It’s All In Your Head – Laurels Whitley Bay

I’m quite proud of the fact that, having spent much of last year going, ‘ooh, I must go to theatres outside Newcastle city centre more often’ and then… not, I’ve managed to get to Laurels three times so far this year. In part, to be fair, this is because it’s an easy sell – a nice jaunt to the coast with a show thrown in? That’s a hell yes from me! In part because the venue is offering a programme of really interesting work, and it’s one I am keen to show my support for.

It’s All in Your Head definitely comes under the category of… well, interesting. I honestly went in not sure what to expect. A play about domestic abuse filtered through… Chicken Run? Um, OK then. But this short, sharply written show handles a difficult subject remarkably effectively for its scale.

Directed with sensitivity by Imogen Banks (with co-director Edwin Johnson), Miles Kinsley’s piece uses the well-worn comic tropes of a beloved movie – overbearing wife and meek and mild husband – to shine a light on the wider problem of how male domestic abuse is treated by the media, and how that treatment filters through to how it is perceived in wider society. The Tweedys are the villains of the movie, after all: who cares if Mrs Tweedy is a tyrant who belittles and bullies her husband? But would we treat that dynamic so casually if those gender roles were reversed?

Although there’s a limit to how much depth and nuance a 45-minute fringe show can bring to such a major issue – and this definitely feels like a fringe show – the piece uses its own comedy to attempt to unpick these harmful tropes. Sarah Bulmer brings a quiet likeability to Willard, who is done with the farm and all its horrors and now lives a gentle, if passive, life. We see how a lifetime of undermining has contorted his once-optimistic nature, and how he is still haunted by both the ghost of his wife (Kinsley, on sneering villain form) and his own actions. The play also has a good feel for the tone of Aardman productions, which it captures well, twisting it to its own purposes.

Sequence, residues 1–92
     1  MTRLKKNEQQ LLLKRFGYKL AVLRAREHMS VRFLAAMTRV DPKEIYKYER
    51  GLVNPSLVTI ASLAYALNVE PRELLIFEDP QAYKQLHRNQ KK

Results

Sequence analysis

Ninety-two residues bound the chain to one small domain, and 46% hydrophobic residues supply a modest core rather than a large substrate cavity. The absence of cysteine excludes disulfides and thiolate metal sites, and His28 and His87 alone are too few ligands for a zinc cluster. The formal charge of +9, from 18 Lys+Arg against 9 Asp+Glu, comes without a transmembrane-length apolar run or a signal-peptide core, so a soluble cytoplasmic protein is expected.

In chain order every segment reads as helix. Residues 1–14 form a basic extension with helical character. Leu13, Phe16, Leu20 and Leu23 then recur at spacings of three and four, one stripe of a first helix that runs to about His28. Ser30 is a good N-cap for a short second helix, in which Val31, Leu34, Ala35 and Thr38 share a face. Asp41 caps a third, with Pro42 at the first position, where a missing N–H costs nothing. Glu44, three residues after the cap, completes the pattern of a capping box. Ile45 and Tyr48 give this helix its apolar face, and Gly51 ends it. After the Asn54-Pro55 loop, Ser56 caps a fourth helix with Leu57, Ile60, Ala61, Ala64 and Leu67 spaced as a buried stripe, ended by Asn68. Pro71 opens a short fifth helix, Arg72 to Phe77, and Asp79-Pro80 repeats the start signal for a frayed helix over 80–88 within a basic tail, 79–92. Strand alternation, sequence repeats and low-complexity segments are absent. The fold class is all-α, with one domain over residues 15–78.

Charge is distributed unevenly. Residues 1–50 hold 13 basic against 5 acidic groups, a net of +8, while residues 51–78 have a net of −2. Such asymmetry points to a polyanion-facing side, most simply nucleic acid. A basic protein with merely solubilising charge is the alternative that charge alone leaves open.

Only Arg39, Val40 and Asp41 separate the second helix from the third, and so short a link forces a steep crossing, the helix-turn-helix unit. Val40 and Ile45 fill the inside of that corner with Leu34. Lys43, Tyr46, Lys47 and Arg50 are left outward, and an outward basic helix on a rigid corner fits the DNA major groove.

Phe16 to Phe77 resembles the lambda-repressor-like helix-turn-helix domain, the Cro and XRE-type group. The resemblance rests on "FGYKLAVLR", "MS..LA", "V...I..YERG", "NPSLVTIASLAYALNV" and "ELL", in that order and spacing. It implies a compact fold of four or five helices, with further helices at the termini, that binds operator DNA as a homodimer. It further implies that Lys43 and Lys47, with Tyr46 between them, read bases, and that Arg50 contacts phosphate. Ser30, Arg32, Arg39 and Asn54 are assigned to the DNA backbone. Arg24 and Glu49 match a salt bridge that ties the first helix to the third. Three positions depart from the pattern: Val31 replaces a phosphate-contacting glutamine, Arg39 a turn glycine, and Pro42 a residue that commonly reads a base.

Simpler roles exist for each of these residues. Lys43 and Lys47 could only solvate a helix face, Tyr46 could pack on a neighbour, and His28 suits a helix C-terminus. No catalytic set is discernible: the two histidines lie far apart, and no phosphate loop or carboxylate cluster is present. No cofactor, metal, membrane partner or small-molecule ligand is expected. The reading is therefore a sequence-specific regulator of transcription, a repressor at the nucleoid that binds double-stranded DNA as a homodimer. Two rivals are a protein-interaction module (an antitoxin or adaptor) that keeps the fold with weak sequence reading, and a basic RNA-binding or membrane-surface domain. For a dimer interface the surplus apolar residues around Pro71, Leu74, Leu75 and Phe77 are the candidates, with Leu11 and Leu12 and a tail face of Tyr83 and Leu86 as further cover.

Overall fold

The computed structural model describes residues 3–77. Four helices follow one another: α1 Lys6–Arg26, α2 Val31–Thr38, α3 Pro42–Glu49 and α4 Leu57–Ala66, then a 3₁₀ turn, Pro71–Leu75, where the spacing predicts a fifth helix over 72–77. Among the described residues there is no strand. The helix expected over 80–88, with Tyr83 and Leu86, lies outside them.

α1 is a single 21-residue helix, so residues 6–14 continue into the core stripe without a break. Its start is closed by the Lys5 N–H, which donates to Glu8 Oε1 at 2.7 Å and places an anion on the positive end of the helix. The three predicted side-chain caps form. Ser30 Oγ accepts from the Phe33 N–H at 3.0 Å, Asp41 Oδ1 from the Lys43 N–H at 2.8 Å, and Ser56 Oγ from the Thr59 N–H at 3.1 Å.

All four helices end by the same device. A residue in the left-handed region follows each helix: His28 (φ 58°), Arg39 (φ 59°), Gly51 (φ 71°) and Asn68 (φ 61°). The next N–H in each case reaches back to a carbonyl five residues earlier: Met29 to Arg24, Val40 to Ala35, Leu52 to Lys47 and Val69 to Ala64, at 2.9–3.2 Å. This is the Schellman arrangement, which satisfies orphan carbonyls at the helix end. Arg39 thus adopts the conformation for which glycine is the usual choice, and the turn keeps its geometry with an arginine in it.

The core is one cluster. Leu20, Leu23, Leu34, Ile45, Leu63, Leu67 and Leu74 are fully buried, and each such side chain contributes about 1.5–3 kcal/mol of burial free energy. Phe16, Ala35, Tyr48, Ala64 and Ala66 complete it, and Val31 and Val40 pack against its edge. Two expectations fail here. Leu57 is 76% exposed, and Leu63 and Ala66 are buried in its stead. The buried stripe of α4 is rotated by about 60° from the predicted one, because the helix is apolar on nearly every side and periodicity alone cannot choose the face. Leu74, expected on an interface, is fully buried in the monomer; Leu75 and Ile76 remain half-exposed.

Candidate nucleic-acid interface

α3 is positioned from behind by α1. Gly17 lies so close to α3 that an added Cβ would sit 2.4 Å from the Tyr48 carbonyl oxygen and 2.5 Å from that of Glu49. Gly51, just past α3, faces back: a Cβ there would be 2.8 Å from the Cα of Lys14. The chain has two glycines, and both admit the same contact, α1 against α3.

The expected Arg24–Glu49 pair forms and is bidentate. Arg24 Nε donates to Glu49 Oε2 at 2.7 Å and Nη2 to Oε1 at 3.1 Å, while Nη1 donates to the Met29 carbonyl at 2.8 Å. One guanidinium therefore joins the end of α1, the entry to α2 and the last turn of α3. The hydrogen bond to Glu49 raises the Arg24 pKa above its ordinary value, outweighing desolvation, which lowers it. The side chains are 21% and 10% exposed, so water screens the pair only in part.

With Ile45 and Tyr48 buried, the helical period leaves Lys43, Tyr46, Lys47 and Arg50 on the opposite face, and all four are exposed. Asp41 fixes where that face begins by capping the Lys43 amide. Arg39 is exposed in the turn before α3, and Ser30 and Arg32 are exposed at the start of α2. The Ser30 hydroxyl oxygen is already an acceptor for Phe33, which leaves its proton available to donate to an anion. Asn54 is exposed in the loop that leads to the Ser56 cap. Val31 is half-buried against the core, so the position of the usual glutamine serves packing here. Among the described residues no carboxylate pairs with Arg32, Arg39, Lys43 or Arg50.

The show isn’t afraid to lean into both discomfort and contradiction. Mrs Tweedy is still presented as a larger-than-life villain performed by a man in a dress, tapping into a long tradition of men in drag playing bitter old battle-axes stretching from music hall to Les Dawson to panto. (A tradition you could argue is part of the problem, since it positions abusive women as masculine, their victims as emasculated). But when forced into up-close scrutiny – and at Laurels you are never far from the stage – and with a victim we have grown to know, such brutal berating becomes far darker and more malevolent than simply comic fodder.

The design team (who I couldn’t find credit for, sorry – do shout if it’s you!*) do well with the compact space; Willard is surrounded by wire cages, a memory of the past and symbolism for his present, and small touches to evoke longed-for freedom – a model aeroplane representing an abandoned dream – and the straw-covered floor evokes the sense and smell of a farm.

The venue should also be praised for making sure contact details for resources were distributed throughout. (Particularly ManKind, which helps men escape domestic abuse:

It’s All In Your Head runs until the 27th, with tickets starting at a tenner (concessions – standard tickets are £12). You can book tickets here:

EDIT: the set was done by the cast and crew, I’m told.


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